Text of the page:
Unfortunately, that morning the winds at original destination were no good (stead at 16 knots, gusting to 24 knots — ugh), so my CFI and I decided on a quick replan.  I had come up with an alternate plan to an airport in northern Ohio, but CFI didn’t recommend that unless “I wanted a challenge”, since it would be more difficult to find in the middle of farmland. Hrm, I don’t need a challenge on this flight — so I quickly planned a flight to KPHN while the CFI preflighted and filed my flight plan (wow, what a great guy).  Checkpoints, enroute times, fuel burns, and I’m all set.  I get endorsed to go with a signature in my logbook and after a few last questions, I’m off…

Once on course and level I set up to call up Lansing radio.  “Lansing Radio, Cessna, XXXX. Listening on the Salem VOR 114.3”.  And I open my flight plan at :55 past the hour.  Easy.  Talking on the radio isn’t really that bad.

The rest of the flight is flying via pilotage: verifying my position on the map with what I see out the window. It’s easy through the first leg as I’m more familiar with the area. I skirt around some tall towers in Southfield and Oak Park and soon I’m clear of the class B shelf and ready to climb to my real cruising altitude.

I start making CTAF calls at my destination about 14 miles out. There seems to be a few planes in the area, so I figure earlier the better. There’s one plan doing a practice IFR approach to runway 4 and as I get closer he asks for my position as he goes missed.  There’s also a King Air transitioning along the river just east of the airport. I can’t spot either from my distance, but I can picture where they are.  

I overfly the airport to from south to north, directly over 10/28 and then make a descending right turn to enter the pattern on the 45 for runway 10.  There is 1 plane just landing as I’m doing this and I can see him turn off and taxi back.  I make the radio calls all the way in and as I turn off, he begins to take off again.  The landing at St. Clair is not too bad, actually pretty good given that I’m not familiar with landmarks in the pattern (and what’s to come when I arrive back at Mettetal).

After the take off at KPHN, turn to downwind and exit at cross wind on course and work my way back.  Having just seen these checkpoints, things are easy and uneventful on the way back. I descend under the class B shelf and get ready to arrive at my destination.

At this point, I can see the home field far off and start to position myself to enter the pattern and I try to call up Lansing radio again to close my flight plan.  No response…  Hrm. One other guy is trying to get a response as well and after a few attempts I call it off and switch back to CTAF. I’ll call on the ground.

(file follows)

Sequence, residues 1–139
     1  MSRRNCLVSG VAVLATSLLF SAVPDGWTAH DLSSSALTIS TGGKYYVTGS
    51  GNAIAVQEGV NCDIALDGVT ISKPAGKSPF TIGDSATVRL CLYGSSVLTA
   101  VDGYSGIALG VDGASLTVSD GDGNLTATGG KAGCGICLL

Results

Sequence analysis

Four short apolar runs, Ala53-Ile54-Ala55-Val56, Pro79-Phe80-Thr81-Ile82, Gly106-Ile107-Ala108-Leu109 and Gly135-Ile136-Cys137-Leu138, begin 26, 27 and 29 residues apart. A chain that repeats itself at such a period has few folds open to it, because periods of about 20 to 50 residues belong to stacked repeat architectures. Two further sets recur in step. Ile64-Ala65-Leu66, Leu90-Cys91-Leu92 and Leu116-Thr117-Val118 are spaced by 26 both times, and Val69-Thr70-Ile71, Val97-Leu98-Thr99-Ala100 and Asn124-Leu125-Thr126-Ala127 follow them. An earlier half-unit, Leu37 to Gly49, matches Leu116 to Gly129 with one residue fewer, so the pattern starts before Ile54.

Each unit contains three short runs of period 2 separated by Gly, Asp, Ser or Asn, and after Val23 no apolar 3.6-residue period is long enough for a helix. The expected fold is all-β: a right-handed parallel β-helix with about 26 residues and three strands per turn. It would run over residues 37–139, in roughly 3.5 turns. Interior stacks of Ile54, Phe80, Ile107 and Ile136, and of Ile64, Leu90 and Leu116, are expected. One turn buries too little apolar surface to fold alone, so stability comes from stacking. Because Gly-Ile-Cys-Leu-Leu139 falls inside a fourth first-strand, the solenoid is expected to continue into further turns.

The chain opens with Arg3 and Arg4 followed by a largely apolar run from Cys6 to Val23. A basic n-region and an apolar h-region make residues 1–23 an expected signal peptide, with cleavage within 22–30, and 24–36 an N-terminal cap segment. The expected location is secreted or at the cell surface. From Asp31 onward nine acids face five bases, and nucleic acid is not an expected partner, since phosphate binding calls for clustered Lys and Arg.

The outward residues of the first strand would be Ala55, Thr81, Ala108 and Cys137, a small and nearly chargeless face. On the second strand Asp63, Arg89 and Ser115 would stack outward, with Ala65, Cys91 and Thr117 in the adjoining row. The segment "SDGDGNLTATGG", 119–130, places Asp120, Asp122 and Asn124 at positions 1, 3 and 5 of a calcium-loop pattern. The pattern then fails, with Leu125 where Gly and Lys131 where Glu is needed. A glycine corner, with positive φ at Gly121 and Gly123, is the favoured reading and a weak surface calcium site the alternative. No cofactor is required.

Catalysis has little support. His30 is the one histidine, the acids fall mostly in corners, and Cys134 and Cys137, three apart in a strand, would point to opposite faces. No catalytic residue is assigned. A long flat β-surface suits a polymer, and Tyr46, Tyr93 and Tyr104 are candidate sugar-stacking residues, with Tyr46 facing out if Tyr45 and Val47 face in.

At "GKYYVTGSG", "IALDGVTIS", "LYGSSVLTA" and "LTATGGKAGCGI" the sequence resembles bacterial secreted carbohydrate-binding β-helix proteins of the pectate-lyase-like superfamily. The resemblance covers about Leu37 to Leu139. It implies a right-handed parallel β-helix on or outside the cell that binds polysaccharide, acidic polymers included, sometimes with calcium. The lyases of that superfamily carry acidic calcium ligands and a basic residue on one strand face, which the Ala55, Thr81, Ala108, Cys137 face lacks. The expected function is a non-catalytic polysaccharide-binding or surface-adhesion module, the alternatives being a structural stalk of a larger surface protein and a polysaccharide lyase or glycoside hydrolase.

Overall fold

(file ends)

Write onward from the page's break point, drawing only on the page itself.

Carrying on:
So I set up for a midfield crosswind to 18 and everything looks good on final — didn’t turn too late or early.  I set up the crab angle (winds are quartering at 12, but the crosswind component isn’t too high), on short final kick the rudder to line up with the centerline but float in the flare.  At this point I start drifting to the right — as I dial in more aileron to counteract, I don’t put in enough rudder to keep aligned and touch down with sideload. Yikes. Not good. The plane kicks over and finally settles down.

Man, that sucked.  I definitely need more practice.

I want to try again and do it right, but decide another trip around the pattern isn’t what I need right now.  Let’s get the plane 
parked and try another day.  Taxi in, park, shut it off.  I’m done.


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Your Taste Disappoints You

Great interview with Ira Glass (from This American Life) regarding storytelling, but more generally…creating.

Nobody tells this to people who are beginners, I wish someone told me. All of us who do creative work, we get into it because we have good taste. But there is this gap. For the first couple years you make stuff, it’s just not that good. It’s trying to be good, it has potential, but it’s not. But your taste, the thing that got you into the game, is still killer. And your taste is why your work disappoints you. A lot of people never get past this phase, they quit.

Don’t give up.

He goes on to say that the most important thing you can do to get over this is: do a huge volume of work.  Basically, practice.

So, I’ll try not to judge myself too harshly and keep working at the things I love…

(from Kottke)